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Free will - the second approach

In a thought before, about free will , was the conclusion that even if no absolute free will exists, still what we feel as the will is ou...

In a thought before, about free will, was the conclusion that even if no absolute free will exists, still what we feel as the will is ours and, in this way, subjective. Let us follow this path and find some other conclusions.

According to the laws of nature and the cause-and-effect determination, we cannot have true free will in a sense, as free will is a kind of independent and free decision or choice between available possibilities. Yes, it looks true, we do not have this kind of free will. It would be the true free will, and a crazy one, because it would be entirely independent of the circumstances. The textbook style free will, our freedom of choice, freedom against the cause-and-effect may not exist. We are tightened to the matter and the laws of nature with all of the consequences.

If we are in the prison of the cause-and-effect chain, why do we feel the freedom of choice? Is it an illusion? Absolute free will is probably an illusion. We are molecular machines obeying the laws of nature. We should have metaphysical properties, an inheritance from God to think differently, but maybe even God needs to obey the laws that are created. To have absolute free will means metaphysical origin and properties. Let us assume from now that our will is not metaphysical. Then what kind of will we have? How does it function?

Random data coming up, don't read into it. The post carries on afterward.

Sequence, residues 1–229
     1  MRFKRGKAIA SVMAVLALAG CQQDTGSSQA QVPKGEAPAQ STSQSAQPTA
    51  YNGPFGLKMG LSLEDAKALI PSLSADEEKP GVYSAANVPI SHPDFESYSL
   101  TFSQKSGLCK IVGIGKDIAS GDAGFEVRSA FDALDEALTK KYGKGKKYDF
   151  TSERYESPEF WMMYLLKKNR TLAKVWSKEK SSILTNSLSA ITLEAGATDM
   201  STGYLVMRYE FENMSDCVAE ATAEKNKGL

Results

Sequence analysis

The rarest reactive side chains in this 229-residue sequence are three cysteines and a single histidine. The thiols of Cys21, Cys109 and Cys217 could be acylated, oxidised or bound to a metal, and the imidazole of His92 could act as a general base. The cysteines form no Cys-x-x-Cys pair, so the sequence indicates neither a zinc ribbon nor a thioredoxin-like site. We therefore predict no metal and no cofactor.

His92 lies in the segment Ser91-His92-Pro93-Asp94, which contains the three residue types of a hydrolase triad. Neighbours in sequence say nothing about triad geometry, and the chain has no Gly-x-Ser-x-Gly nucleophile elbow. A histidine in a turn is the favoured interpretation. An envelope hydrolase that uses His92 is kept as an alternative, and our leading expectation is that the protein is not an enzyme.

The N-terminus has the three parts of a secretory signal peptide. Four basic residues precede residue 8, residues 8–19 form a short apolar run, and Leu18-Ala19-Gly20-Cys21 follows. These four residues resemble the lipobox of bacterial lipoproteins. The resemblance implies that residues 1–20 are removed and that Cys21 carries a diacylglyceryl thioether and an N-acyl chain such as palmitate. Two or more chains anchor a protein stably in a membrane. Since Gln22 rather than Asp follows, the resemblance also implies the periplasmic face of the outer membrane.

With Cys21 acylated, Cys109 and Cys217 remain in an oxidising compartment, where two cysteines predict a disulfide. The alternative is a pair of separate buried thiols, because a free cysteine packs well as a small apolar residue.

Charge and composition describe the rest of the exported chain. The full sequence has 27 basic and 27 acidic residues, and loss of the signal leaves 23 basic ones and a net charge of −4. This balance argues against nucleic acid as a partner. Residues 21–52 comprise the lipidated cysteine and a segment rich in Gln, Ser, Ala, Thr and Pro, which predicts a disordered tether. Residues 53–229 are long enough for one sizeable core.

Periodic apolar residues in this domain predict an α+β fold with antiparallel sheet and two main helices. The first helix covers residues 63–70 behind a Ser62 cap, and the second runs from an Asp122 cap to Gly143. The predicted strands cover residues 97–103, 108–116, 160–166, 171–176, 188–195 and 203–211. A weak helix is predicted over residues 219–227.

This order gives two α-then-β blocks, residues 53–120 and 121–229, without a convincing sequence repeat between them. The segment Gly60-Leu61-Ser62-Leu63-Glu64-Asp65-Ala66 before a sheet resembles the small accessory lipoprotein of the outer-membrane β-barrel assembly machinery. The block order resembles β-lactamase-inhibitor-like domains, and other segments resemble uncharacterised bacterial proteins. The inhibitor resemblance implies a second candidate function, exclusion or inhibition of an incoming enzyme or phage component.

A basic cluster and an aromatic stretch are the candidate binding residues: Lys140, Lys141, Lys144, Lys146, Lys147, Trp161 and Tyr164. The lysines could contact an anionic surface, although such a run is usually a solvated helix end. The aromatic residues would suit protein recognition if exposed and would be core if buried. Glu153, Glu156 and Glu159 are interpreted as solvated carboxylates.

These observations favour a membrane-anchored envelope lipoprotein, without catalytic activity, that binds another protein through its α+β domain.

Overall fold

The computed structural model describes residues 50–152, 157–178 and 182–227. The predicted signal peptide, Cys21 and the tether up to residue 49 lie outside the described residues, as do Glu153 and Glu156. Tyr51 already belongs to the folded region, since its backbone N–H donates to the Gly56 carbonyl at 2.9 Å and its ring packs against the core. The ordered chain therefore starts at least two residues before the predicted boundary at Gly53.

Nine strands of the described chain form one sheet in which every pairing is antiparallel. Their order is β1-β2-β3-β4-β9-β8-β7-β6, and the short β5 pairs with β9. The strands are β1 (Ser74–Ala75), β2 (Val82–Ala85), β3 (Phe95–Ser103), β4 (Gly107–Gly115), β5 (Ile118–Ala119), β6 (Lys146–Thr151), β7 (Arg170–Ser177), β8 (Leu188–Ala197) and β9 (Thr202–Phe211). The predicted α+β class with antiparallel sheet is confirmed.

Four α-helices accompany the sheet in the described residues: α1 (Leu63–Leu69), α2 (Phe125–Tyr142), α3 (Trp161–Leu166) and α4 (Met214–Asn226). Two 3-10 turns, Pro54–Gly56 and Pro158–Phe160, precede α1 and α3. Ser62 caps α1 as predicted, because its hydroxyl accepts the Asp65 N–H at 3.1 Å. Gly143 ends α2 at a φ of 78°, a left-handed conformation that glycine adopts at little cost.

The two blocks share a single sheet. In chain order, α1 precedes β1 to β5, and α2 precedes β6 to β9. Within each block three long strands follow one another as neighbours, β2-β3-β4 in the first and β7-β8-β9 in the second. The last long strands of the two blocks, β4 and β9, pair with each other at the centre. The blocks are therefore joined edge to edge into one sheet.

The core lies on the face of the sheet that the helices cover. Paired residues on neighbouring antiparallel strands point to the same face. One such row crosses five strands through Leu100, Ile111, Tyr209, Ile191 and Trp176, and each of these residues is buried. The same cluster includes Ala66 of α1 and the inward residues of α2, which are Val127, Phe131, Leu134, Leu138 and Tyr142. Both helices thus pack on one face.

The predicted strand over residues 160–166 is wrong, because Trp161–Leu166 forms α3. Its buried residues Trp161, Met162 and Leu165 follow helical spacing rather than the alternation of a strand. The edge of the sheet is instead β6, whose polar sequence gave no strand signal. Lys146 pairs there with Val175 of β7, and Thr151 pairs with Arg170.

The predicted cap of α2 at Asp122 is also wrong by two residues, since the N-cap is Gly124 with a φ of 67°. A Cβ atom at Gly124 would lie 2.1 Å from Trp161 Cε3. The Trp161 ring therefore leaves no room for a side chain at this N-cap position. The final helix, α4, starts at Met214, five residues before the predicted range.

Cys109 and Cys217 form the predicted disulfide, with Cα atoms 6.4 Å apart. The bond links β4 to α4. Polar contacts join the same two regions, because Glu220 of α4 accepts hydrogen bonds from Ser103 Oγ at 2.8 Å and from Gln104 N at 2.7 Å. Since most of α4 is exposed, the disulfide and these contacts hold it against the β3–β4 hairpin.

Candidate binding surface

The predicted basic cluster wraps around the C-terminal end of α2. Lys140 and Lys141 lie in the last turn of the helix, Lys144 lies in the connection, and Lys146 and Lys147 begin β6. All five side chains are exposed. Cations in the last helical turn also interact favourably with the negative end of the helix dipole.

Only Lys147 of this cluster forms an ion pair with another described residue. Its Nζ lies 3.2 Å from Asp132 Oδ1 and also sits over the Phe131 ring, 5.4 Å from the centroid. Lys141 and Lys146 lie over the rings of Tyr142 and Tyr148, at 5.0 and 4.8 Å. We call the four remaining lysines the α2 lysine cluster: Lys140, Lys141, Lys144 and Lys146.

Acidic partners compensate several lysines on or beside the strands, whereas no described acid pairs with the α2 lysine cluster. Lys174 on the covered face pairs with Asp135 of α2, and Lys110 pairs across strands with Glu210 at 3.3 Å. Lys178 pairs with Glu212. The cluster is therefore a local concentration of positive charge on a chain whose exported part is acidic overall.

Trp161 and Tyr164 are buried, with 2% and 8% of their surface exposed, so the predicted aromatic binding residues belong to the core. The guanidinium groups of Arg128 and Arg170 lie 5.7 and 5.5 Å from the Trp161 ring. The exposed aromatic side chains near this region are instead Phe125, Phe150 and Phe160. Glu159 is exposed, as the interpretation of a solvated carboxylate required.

Let us see our will as a process in a kind of progress of development. We can state that when we are born, we do not have freedom of choice. We were instinctive beings at that time, all of our acts determined by present urges. That is the most efficient operation to exist as a newborn. We are not born with the freedom of choice, as we, most likely, are not born with consciousness either. We surely have will but without choices. The choice comes later when we begin to have experience. As we try out things, our experiences, our knowledge about the world accumulates in our memory. We slowly start to be able to choose and select. Our will begins to imitate, as it would have freedom, freedom of choice. However, its "freedom of choice" is based on experiences and not on the independent choice between possibilities.